Originally published in The Sunday Times.
The instructions were quite clear. They were to be back by half-past eight. They were to stay together at all times. They could accept sweets and chocolates – after all, that was the whole point – but they were not to eat anything until they got home. Under no circumstances were they to enter anybody’s house, not even the front hall. And they were to go nowhere near Mr Asnyk at No. 29. That was the most important rule of all.
And yet, still she was worried. Watching her two children – Simon, 12, and Jemima, 9 – walking away from the front door, on their own, Sarah knew that it went against all her instincts. At the same time, she had to admit they were adorable. Simon was small for his age, with reddish hair cut short and freckles. He had done himself up as a ghost with a strip of white muslin that had once been meant for curtains. Jemima, with curly hair, turned-up nose and that cheeky, little-girl smile was almost half his size. Cardboard, a plastic bin liner and a little green make-up had turned her into a witch.
For a moment they had stood in the front garden of their modern, brightly lit house with the drive sweeping down to Stratfield Lane. The house was one of six, similar but not quite identical with picture windows, double garages and faux-Victorian conservatories, an estate built in the 1980s. Sarah had taken a picture of them on her mobile phone standing there. But even then she had thought it was wrong. Children didn’t roam the streets on their own any more, evening in a quiet place like Woodbridge, and certainly not on a dark, wintry night like this.
She knew what Mike would say when he got home. He had an irrational dislike of almost anything American and this new tradition, tricking-or-treating, was just another unwelcome import following all those homogenous street cafes, the television programmes, no-win-no-fee lawyers, doggy bags in restaurants and a whole lexicon of new phrases – “have a nice day” – designed almost purposefully to make the teeth grate. Each one of them, according to Mike was an erosion of the British way of life, as unnoticeable and yet as obvious as the disappearance of the Suffolk cost itself. But then, of course, the property crash had also come over from America. The so-called toxic assets that had almost destroyed the housing market… and with it Mike’s once-successful property business.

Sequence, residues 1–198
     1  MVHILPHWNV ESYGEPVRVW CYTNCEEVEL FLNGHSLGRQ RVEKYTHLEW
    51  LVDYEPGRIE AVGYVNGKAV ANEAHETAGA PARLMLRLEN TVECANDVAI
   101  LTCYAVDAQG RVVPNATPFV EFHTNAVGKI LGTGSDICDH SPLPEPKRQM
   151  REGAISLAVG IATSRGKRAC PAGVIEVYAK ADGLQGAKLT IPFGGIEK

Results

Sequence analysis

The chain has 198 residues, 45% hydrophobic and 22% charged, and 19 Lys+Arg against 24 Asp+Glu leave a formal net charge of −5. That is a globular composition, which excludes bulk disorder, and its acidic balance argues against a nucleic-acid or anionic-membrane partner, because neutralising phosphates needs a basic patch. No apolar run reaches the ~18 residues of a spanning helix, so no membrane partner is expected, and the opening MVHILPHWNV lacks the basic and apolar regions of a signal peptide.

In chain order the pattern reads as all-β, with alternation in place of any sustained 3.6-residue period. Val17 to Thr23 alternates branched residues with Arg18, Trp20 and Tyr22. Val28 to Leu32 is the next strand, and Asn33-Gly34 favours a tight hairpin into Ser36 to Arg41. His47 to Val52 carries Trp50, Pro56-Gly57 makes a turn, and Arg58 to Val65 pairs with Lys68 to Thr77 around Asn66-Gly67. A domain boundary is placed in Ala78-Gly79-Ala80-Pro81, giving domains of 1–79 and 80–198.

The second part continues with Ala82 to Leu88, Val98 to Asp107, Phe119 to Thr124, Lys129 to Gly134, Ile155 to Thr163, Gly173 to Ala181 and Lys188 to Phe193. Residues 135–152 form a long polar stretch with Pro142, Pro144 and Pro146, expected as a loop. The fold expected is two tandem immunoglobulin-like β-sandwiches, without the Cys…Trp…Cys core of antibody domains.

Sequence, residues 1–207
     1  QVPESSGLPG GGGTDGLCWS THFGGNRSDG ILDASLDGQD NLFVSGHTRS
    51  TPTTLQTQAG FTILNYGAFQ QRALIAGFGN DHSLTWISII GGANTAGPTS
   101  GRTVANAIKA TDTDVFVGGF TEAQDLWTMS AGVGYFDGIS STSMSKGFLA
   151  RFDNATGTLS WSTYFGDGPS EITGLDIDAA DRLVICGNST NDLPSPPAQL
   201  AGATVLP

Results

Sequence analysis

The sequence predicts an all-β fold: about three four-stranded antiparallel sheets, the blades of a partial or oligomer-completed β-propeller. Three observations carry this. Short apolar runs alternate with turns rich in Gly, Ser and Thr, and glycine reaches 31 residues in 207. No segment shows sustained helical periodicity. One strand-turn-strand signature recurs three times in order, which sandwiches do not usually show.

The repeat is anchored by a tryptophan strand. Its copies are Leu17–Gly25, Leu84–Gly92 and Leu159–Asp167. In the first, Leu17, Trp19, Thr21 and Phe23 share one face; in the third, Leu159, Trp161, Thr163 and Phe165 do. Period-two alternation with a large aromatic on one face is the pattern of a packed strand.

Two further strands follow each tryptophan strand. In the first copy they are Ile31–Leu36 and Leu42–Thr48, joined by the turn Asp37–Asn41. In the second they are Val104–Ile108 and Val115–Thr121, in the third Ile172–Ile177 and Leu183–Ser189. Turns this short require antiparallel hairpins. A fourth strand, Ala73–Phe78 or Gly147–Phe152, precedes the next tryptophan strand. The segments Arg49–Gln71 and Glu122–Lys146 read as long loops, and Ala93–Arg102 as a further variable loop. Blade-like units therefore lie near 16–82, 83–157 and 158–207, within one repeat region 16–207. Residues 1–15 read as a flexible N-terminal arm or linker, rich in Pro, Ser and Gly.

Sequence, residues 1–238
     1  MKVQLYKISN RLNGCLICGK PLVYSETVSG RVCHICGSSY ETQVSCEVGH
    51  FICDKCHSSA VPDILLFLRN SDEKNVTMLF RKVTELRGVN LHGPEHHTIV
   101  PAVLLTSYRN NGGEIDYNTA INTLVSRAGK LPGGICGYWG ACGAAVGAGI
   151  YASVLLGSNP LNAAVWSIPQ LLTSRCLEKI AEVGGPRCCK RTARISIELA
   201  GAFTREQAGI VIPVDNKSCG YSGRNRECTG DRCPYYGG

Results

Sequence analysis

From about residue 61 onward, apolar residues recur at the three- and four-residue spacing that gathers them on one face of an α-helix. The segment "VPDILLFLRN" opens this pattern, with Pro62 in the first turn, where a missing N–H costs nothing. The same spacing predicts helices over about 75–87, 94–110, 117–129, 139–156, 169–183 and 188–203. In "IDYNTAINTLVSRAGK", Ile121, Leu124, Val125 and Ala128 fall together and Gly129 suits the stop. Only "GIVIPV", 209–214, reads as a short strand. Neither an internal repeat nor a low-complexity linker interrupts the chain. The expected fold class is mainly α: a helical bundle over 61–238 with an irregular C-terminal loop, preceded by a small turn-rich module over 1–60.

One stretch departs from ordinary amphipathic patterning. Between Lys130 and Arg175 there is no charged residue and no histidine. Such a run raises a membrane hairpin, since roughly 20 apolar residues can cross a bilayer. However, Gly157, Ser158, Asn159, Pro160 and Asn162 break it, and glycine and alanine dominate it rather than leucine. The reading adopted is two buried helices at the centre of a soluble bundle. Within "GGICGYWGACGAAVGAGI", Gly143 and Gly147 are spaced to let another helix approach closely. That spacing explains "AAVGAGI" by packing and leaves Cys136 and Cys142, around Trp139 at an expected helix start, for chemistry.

He hadn’t wanted the children to go out but she had persuaded him. “They’ll be all right. All the other kids are out there. And I’ll talk to them before they go.”
“What makes you think they’ll listen?”
“They’re normally sensible.”
“Well I don’t want them out too late. And they’re not going anywhere near No. 29!”
It was almost a quarter past seven. The children had been gone for 15 minutes. Sarah Lucas went in to the kitchen and poured herself a gin and tonic, her second of the evening. She used the left over tonic water from the first. She sat at the kitchen table, the glass cradled between her hands, her long blonde hair curving down to frame it on either side. There was a pile of ledgers beside her. During the summer she had taken on a part time job, doing the books for a local garden centre. She had been an accountant when she and Mike met. She didn’t mind the work and they needed the money.
She had to admit that he was right. This creeping Americanisation. She had noticed the shops full of masks and wands and witches’ hats and even greeting cards. There had been chocolate skulls and severed fingers at the checkout at Marks and Spencer. None of these things had been there a few years ago. It was just an opportunity for the sweet manufacturers to make more money. And there were the jack-o’-lanterns, pumpkins hollowed out with candles burning inside. Since when had pumpkins ever been part of the English diet? Good old pumpkin pie, anyone? It was ridiculous, and a waste of food, really. She was sure that people would just scoop out the contents and throw them away.
And finally this trick-or-treating. It might seem innocent enough in the face of it but last year a bunch of little hooligans had turned up on their doorstep, and when Mike had told them where to get off, they’d pelted the door with raw eggs and that was a trick and a half when it came to having the whole thing repainted. This year she had a tin of Roses out in the hall. Mike had objected but she wasn’t going to have the house ruined for the sake of a few pence-worth of sweets.